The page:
Oct 7, 2015
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Tesco shows signs of recovery after profit collapse

Oct 7, 2015

Britain's biggest supermarket Tesco said it was trading ahead of expectations and outperforming rivals after a move to sacrifice profitability in favour of price cuts and better services won back customers.

Reporting results a week after rival Sainsbury's showed it too was getting to grips with the turmoil hitting the sector, Tesco showed a steady improvement in underlying sales in its home market which enabled it to reiterate its full-year profit outlook.

The cost, however, of rebuilding the business was high.

First half profit slumped 55 percent and the group said it stood ready to increase investment in light of the highly challenging market conditions.

Shares in the group traded 1.8 percent lower at 0735 GMT after a sharp rise ahead of the results.

"We have delivered an unprecedented level of change in our business over the last 12 months and it is working," Chief Executive Dave Lewis said. "The first-half results show sustained improvement across a broad range of key indicators."

After two decades of growth, Tesco lost its way, distracted by an expensive overseas expansion strategy when it needed to respond to the rise of discount grocers Aldi and Lidl in its home market.

It reported an annual loss of 6.4 billion pounds ($9.8 billion) in April, one of the biggest in British corporate history and has struggled to recover from an admission that it manipulated its accounts last year.


Battered by the raft of bad news, Tesco brought in Lewis, a former Unilever executive just over a year ago to turn the business around.

Results on Wednesday showed his changes were starting to have an impact, with an increase in the amount of goods people are buying in store.

Lower prices meant however that like-for-like sales in its home market were still falling, albeit at a lower rate. They were down 1 percent in the second quarter, an improvement from the 1.5 percent decline recorded in the first.

That was at the top end of analyst expectations of a fall of between 1 to 1.5 percent and better than Sainsbury's, Wal-Mart's Asda and Morrisons, which posted like-for-like sales falls of 1.1, 4.7 and 2.4 percent respectively in their most recent quarters.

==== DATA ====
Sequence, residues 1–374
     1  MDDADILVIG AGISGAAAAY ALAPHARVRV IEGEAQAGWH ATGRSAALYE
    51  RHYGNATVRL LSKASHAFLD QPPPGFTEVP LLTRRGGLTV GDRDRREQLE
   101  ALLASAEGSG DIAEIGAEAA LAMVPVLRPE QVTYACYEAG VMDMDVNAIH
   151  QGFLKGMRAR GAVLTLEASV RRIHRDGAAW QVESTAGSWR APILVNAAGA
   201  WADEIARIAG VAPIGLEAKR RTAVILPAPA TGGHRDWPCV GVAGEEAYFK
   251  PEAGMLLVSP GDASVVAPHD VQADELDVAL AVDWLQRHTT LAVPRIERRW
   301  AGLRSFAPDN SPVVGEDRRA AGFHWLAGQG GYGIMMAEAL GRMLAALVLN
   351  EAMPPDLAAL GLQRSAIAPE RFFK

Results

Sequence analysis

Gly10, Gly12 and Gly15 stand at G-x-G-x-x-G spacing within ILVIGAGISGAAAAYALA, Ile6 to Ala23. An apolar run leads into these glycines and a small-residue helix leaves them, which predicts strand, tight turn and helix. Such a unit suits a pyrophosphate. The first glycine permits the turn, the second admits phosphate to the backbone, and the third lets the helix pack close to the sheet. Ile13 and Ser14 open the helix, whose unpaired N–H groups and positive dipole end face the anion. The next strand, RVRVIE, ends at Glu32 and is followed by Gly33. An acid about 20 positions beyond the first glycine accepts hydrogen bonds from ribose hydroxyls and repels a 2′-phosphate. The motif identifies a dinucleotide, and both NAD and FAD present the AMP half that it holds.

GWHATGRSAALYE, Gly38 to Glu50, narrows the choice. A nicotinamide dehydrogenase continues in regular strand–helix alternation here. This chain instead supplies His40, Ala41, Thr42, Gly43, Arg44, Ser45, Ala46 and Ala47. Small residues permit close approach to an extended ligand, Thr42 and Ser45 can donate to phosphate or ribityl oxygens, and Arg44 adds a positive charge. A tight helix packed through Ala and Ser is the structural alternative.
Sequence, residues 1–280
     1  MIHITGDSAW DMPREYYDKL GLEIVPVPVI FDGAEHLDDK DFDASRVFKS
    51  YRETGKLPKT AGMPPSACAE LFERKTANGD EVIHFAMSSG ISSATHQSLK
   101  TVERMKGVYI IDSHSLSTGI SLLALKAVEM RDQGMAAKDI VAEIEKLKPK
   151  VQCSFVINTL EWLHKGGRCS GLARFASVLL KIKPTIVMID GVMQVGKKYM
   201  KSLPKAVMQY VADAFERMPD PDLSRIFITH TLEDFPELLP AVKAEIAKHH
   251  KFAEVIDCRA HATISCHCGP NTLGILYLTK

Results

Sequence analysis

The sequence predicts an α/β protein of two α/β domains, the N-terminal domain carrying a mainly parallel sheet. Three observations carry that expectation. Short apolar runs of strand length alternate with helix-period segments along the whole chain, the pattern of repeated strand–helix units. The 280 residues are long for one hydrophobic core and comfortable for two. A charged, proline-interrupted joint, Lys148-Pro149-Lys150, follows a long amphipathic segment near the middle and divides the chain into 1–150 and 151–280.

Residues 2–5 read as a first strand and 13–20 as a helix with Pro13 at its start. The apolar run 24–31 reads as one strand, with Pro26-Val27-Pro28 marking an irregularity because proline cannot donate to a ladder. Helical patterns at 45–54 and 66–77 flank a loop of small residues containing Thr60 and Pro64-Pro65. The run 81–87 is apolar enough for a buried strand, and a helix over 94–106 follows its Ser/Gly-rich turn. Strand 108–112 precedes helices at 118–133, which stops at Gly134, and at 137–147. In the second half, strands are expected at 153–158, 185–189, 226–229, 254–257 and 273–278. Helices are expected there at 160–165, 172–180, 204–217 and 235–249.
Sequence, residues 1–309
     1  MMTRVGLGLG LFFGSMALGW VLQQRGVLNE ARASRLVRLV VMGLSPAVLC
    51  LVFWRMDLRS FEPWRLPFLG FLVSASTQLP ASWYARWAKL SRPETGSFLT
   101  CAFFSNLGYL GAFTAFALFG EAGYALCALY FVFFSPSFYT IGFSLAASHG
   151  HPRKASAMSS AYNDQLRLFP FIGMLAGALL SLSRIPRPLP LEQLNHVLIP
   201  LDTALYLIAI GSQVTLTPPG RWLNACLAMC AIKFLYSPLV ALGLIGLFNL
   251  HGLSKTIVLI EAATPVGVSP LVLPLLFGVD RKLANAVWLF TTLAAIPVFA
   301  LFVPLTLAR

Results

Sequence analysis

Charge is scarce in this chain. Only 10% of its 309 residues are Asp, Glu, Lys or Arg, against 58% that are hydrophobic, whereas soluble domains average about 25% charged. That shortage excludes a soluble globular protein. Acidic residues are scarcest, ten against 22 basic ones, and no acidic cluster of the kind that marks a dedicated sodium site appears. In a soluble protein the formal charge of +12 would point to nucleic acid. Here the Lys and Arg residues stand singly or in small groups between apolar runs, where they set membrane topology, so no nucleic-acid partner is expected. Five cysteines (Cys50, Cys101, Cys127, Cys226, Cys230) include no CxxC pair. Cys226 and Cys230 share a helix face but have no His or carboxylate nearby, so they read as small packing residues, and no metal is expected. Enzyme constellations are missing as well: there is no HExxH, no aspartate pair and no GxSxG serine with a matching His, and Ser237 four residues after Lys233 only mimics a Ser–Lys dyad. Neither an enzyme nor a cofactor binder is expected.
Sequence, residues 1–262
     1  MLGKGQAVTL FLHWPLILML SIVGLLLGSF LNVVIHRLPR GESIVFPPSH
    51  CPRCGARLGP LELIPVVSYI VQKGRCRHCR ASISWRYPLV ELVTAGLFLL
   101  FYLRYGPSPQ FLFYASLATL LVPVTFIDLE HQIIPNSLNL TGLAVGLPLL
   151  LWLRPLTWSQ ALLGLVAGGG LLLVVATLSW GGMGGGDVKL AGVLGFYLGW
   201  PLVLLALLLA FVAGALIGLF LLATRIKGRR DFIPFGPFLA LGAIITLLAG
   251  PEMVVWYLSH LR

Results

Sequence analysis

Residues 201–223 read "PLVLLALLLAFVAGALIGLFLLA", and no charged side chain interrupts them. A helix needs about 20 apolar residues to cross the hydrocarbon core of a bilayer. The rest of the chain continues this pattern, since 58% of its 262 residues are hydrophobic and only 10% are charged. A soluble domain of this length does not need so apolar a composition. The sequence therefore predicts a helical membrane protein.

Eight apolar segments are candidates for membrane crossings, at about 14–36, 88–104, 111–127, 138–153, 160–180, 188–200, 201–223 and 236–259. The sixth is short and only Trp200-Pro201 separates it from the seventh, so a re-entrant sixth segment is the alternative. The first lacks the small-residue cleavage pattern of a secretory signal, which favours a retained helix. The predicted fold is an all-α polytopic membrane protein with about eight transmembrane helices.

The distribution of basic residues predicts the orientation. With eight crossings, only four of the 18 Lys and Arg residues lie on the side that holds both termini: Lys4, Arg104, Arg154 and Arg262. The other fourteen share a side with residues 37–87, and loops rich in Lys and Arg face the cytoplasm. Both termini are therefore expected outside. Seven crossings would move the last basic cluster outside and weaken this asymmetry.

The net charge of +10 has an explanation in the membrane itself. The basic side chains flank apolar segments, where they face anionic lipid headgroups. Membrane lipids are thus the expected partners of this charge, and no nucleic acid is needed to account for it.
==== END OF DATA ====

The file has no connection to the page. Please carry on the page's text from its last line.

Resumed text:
International sales, which account for more than a fifth of the group total, showed their first like-for-like increase in nearly three years in the first half, helped in particular by a recovery in Poland and Slovakia.

One major Tesco institutional shareholder welcomed the results.

"The stand out for me was the comment on volume and transaction growth," he said, speaking on condition of anonymity. "That suggests that something is improving on an underlying basis."

The one major concern lingering around Tesco will be the state of its balance sheet.

Lewis wants to cut costs, slash debt and rid the firm of its junk credit rating. However, the company indicated on Wednesday that the recent sale of its South Korean unit for $6.1 billion would be its only major disposal for now.

It said it would retain its Dunnhumby data unit after a planned sale flopped. Lewis said further debt reduction would come from better cash generation from its retained businesses.

"There is clearly much more to be done, but the progress to date in such a short period of time is laudable and may even result in the market consensus of the shares as a strong hold coming under some positive pressure," said Richard Hunter, Head of Equities at Hargreaves Lansdown Stockbrokers.

$1 = 0.6549 pounds


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